This year, the Americana Music Association® has selected the state of North Carolina as the regional music focus for its 20th annual AMERICANAFEST®, Sept. 10-15 in Nashville, Tenn. In partnership with the initiative Come Hear NC and Visit North Carolina, the destination music festival and conference event previews this special programming today, which will feature multiple panels and two music showcases over three days. Highlights include a keynote featuring roots aficionado Rhiannon Giddens; a musical book reading by singer-songwriter Chris Stamey; and a deep-dive discussion on the history of Americana music in North Carolina featuring American Aquarium’s BJ Barham. A full slate of programming can be found below.
“We’re beyond thrilled to partner with such a great initiative to celebrate North Carolina’s musical contributions,” said Jed Hilly, Executive Director of the Americana Music Association. “From its Piedmont blues to its Appalachian roots, we hope that our attendees can experience the many origins and sounds of what we know as Americana music today through this programming.”
“Realizing the full potential of Come Hear NC requires collaborations with strong partners that have the dedication and resources to effectively tell the story of North Carolina’s contributions to American music. AMERICANAFEST is an event with a national and international audience,” said Wayne Martin, Executive Director, N.C. Arts Council. “We are grateful to the Americana Music Association for providing such a strong platform to present and explore North Carolina roots music.”
The North Carolina spotlight begins at the three-day conference portion of AMERICANAFEST on Wednesday, September 11. Author David Menconi will moderate “A Brief History of North Carolina Music,” a discussion on the rich musical heritage of North Carolina, with panelists BJ Barham (American Aquarium), Sarah Shook (Sarah Shook & The Disarmers), Mitch Easter and N.C. Arts Council Executive Director Wayne Martin. The session will focus on the many threads of Americana that lead back to the great Appalachian state, expanding on sonic influences beyond its traditional old-time music.
On deck with a cello, violin and guitar, Chris Stamey will treat attendees to a musical book reading on Thursday, September 12, as he guides attendees through milestones from his memoir. “A Spy in the House of Loud” centers around his documented experience as a twenty-something North Carolina transplant living in NYC during the glory days of iconic punk clubs like CBGB. Stamey will provide musical accompaniment to chapters of a career that included being a founding member of the famed jangle-rock group the dB’s and playing with Big Star’s Alex Chilton.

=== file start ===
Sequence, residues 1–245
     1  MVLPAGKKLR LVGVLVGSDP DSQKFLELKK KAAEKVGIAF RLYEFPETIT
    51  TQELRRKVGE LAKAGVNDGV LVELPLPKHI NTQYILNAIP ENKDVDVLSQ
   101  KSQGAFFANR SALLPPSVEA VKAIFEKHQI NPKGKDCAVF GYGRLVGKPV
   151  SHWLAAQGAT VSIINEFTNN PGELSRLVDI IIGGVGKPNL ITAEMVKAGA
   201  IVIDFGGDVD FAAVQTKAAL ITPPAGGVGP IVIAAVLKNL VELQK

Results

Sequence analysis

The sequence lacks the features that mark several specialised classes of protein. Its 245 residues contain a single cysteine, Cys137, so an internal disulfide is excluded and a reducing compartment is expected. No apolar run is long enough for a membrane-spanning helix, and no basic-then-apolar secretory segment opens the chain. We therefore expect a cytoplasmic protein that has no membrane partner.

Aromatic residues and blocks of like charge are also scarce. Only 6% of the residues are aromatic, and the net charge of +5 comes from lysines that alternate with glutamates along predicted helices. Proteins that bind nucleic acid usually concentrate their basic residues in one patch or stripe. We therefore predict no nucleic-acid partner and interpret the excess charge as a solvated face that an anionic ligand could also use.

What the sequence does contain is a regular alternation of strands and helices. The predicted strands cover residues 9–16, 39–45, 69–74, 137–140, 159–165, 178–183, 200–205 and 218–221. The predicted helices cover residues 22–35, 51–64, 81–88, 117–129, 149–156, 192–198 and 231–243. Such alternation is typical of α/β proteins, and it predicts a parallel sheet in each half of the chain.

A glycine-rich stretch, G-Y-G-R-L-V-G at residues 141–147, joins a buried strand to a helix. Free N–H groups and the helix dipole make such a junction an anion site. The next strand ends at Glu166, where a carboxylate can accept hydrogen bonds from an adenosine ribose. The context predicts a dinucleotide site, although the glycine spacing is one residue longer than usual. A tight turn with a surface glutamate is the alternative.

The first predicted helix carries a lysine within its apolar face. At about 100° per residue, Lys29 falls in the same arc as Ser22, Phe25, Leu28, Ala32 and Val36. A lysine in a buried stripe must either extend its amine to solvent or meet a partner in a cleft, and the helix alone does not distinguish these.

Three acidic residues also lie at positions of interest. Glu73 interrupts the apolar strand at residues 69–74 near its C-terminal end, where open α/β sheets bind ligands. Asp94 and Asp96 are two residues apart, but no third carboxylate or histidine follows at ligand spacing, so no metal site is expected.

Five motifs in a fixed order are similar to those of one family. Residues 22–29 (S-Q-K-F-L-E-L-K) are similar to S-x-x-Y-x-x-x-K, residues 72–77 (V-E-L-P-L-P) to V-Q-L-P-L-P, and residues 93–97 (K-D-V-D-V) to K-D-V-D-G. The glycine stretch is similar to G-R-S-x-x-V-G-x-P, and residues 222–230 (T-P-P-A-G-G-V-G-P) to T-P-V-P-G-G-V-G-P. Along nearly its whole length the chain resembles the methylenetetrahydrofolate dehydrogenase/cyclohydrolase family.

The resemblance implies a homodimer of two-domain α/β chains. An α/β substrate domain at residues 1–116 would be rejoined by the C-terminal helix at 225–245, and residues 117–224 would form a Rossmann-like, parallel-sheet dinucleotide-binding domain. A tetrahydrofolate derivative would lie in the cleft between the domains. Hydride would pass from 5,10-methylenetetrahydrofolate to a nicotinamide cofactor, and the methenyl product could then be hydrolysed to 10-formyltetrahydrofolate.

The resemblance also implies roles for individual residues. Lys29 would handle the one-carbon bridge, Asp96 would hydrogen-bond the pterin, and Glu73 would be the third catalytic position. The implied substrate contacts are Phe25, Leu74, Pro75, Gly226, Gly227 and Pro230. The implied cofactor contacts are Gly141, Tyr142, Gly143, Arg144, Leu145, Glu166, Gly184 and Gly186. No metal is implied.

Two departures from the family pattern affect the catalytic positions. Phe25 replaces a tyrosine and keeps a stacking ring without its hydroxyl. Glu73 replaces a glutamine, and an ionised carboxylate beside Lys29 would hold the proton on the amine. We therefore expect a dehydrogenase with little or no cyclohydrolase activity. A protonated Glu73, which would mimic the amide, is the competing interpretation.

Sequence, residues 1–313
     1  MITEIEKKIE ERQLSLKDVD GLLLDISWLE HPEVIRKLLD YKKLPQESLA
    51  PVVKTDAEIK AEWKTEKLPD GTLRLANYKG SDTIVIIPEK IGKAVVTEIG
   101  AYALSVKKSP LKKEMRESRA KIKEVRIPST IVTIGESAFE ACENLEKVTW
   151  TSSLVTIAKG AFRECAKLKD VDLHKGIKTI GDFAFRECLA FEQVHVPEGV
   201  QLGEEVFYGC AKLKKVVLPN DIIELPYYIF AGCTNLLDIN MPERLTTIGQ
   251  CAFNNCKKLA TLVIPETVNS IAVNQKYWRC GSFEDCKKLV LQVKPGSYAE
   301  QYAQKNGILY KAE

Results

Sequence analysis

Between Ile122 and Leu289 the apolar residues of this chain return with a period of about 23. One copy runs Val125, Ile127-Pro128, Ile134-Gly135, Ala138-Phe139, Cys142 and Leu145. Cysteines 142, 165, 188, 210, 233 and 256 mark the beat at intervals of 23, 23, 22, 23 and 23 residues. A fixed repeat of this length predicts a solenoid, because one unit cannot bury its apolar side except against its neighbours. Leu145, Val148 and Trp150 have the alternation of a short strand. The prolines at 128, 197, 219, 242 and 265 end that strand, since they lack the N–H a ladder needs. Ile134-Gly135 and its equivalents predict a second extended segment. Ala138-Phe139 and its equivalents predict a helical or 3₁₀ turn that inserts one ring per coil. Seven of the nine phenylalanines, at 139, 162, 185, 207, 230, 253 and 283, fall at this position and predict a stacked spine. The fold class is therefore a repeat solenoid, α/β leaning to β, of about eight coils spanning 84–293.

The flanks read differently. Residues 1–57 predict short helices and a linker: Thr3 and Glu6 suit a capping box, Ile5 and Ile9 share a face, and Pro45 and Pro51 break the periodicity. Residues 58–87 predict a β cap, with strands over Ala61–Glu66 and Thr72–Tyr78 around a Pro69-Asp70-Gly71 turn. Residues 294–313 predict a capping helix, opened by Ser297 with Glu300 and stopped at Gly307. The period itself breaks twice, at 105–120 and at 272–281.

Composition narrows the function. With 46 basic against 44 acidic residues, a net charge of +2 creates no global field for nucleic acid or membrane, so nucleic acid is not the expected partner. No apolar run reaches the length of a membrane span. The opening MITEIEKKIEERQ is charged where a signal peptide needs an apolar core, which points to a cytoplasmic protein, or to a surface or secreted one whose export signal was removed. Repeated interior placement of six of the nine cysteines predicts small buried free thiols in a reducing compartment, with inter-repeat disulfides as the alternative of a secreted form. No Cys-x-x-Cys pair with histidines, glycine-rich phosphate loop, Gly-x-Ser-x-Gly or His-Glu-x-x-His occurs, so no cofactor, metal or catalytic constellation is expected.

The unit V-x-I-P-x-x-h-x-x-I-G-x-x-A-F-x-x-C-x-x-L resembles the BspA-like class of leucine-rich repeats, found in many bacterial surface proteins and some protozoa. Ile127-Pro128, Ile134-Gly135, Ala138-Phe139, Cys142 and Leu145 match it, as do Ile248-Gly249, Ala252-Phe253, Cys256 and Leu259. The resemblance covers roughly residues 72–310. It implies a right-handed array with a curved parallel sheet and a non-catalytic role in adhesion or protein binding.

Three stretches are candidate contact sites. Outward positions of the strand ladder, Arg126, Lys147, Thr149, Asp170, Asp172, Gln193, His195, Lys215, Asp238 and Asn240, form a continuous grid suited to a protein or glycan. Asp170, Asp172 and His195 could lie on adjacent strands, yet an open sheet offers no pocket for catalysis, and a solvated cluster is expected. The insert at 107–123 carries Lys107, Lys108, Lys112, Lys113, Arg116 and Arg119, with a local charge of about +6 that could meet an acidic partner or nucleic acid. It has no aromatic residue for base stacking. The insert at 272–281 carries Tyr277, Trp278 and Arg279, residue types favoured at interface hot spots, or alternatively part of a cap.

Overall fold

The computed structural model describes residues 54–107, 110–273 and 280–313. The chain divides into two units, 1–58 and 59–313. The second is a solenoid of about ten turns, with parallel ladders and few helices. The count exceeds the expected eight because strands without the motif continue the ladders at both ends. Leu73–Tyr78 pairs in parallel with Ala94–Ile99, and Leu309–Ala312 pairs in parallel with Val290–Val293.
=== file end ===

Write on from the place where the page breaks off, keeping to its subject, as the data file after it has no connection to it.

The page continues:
Thursday evening sees the first of two official AMERICANAFEST showcases at Nashville’s 3rd & Lindsley. Night one will offer a scope of the many sounds of North Carolina to audience members through an impressive display of bluegrass, folk and country with performances by Chatham County Line, Malcolm Holcombe, Jim Lauderdale, Rising Appalachia, Emily Scott Robinson and Sarah Siskind.
The last day of the AMERICANAFEST conference brings together Erin Scholze (Dreamspider Publicity) with panelists Martin Anderson (WNCW Radio), Stacy Claude (Mountain Song Productions), Robert Greer (Town Mountain) and more for an analysis on the burgeoning music scene of Asheville, N.C. Presented by Come Hear NC and Visit North Carolina, “Asheville Skyline and Black Mountain Rag: The Western North Carolina Music Phenomenon” will give attendees a firsthand look at the city’s story and key players in one of the state’s most prominent musical hotbeds.
As previously announced, on Friday, September 13, Rhiannon Giddens will sit down with writer John Jeremiah Sullivan for a conversation during “Erasure of American Music History.” Picking up where her recent New Yorker profile left off, the pair will take a magnifying glass to America’s folk traditions and share why they believe there is a lack of awareness on musical contributions by African Americans like Frank Johnson. Johnson, a formative American fiddle musician and brass band leader from the 19th century, is co-recipient of this year’s inaugural Legacy of Americana Award along with Giddens.
A preview of some of the North Carolina acts you can catch at AMERICANAFEST